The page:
Fabrication of oxygen vacancies through assembling an amorphous titanate overlayer on titanium oxide for a catalytic water–gas shift reaction†
The water–gas shift (WGS) reaction is a key chemical process for CO removal and hydrogen generation in which CO and H2O are converted to CO2 and H2. The activation of H2O at the oxygen vacancy sites of a reducible oxide-supported catalyst is widely viewed as the critical step for this reaction. However, the strategy of rational fabrication of oxygen vacancies in reducible oxides to boost catalytic activity is rarely reported. Here, we report a facile method to fabricate oxygen vacancies through assembling an amorphous titanate overlayer on the surface of TiO2 support via alkali doping, aiming to improve its activity in WGS reaction. TEM, EPR, H2-TPR and XPS results verified that the titanate overlayer is in situ formed via alkali doping, where oxygen vacancies can be rationally regulated during reduction through tuning the amount of alkali. The ease of oxygen vacancy formation induced by alkali doping could be attributed to the lower Ti–O bond energy in titanate. It is shown that sodium-doped Ni/TiO2 with titanate overlayer on the support exhibited superior activity in WGS reaction compared with undoped catalyst, i.e., around threefold greater activity compared with undoped catalyst was achieved at 300 °C. Furthermore, the formation of CH4, a common side reaction in WGS on Ni-based catalysts, is suppressed on the sodium-doped Ni/TiO2. More importantly, the titanate overlayer strategy is successfully extended to other reducible oxide-supported catalysts, which provides a universal method to fabricate oxygen vacancies in reducible oxide-supported catalysts.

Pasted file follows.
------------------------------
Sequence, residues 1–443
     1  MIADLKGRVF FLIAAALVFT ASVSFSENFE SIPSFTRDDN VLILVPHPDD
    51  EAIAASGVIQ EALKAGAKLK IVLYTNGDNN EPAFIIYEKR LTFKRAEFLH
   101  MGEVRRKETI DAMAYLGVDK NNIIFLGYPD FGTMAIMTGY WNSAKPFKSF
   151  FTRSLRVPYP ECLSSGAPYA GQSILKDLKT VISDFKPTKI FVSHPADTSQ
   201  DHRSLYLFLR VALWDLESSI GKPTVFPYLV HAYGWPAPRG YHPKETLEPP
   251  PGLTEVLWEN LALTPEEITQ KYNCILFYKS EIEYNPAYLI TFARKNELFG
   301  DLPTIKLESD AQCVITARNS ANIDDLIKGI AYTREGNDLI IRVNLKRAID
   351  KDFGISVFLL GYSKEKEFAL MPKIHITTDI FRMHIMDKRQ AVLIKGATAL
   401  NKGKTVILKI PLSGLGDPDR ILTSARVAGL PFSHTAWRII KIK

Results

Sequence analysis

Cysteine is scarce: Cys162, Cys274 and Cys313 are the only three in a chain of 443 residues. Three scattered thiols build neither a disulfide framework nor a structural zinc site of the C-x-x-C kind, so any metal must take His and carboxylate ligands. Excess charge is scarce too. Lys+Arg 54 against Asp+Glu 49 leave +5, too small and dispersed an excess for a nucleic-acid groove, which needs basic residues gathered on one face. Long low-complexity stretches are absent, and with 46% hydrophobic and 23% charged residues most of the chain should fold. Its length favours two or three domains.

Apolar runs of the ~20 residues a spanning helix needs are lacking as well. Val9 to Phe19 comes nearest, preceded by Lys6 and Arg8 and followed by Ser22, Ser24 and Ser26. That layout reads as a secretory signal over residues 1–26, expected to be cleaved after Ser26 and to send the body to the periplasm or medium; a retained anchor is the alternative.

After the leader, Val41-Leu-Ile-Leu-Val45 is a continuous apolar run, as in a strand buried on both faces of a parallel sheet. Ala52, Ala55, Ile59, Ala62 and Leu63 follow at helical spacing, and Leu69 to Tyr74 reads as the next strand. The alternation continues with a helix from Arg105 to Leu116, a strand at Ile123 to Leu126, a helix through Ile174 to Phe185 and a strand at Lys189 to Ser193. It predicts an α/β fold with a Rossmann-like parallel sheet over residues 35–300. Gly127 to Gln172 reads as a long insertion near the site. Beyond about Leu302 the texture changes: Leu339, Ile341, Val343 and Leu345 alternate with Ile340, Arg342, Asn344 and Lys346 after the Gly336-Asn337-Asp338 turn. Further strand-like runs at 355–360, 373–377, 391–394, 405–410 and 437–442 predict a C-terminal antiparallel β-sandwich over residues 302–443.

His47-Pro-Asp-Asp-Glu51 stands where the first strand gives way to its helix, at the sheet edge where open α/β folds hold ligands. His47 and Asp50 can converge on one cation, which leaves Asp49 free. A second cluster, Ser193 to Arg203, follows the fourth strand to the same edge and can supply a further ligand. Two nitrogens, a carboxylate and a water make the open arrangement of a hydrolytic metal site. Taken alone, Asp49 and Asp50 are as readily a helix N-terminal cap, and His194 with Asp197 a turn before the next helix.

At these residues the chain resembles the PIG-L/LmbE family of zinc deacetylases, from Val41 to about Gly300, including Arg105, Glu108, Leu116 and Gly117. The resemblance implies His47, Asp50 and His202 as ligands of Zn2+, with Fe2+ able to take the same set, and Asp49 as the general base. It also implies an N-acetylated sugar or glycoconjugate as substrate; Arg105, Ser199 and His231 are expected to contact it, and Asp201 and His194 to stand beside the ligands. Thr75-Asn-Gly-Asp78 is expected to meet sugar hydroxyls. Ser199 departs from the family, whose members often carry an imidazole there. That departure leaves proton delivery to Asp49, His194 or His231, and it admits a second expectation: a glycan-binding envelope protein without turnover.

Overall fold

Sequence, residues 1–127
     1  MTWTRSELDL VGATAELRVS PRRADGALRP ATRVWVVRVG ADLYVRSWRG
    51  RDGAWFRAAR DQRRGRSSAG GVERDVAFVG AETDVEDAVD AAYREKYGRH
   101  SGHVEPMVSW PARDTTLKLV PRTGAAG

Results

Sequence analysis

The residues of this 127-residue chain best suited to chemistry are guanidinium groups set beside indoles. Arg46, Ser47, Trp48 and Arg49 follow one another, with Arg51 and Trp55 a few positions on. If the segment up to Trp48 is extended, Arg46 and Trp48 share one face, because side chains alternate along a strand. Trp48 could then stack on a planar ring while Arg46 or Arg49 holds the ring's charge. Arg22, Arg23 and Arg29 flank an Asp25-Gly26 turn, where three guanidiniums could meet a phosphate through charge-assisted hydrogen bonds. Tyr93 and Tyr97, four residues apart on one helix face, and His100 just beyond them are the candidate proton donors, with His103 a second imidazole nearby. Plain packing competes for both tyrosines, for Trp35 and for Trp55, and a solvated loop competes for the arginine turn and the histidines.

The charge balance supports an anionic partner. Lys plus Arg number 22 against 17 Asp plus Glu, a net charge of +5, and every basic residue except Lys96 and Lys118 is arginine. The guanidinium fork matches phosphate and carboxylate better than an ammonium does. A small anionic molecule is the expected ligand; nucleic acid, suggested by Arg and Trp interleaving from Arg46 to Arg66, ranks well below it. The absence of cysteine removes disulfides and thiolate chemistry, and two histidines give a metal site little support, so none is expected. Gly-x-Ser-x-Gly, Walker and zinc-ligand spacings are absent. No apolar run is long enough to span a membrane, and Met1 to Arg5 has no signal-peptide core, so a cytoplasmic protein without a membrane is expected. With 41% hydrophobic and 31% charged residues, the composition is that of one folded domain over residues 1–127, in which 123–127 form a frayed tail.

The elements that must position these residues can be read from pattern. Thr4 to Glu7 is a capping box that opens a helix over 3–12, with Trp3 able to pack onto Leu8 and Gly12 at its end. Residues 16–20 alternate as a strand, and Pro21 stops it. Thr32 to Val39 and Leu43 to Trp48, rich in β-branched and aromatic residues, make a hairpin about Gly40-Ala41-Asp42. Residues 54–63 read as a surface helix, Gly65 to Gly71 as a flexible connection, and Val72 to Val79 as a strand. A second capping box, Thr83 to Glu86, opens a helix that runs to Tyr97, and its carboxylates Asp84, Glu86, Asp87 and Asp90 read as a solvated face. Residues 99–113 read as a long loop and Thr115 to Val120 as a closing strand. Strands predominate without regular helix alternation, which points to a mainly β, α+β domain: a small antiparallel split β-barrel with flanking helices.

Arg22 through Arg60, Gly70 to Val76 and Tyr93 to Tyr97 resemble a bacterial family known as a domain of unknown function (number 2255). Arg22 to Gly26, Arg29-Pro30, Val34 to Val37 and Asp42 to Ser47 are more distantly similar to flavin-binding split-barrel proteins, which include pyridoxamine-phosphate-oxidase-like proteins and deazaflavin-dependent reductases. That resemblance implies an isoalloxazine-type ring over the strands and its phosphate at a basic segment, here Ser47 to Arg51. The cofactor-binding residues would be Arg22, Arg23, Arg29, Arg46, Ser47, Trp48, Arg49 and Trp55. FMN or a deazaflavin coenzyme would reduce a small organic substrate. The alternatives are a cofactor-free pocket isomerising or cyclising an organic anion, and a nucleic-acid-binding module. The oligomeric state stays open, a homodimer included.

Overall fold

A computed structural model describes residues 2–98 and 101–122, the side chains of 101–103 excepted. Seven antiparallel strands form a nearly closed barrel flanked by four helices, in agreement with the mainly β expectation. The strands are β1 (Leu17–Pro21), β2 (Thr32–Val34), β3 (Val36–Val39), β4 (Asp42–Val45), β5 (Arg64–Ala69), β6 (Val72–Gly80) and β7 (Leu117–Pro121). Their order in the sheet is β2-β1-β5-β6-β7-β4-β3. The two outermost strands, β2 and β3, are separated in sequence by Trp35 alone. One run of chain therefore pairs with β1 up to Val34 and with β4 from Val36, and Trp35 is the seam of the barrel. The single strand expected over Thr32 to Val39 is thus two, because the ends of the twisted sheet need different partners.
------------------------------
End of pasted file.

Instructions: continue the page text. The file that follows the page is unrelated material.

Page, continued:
- This article is part of the themed collection: Journal of Materials Chemistry A HOT Papers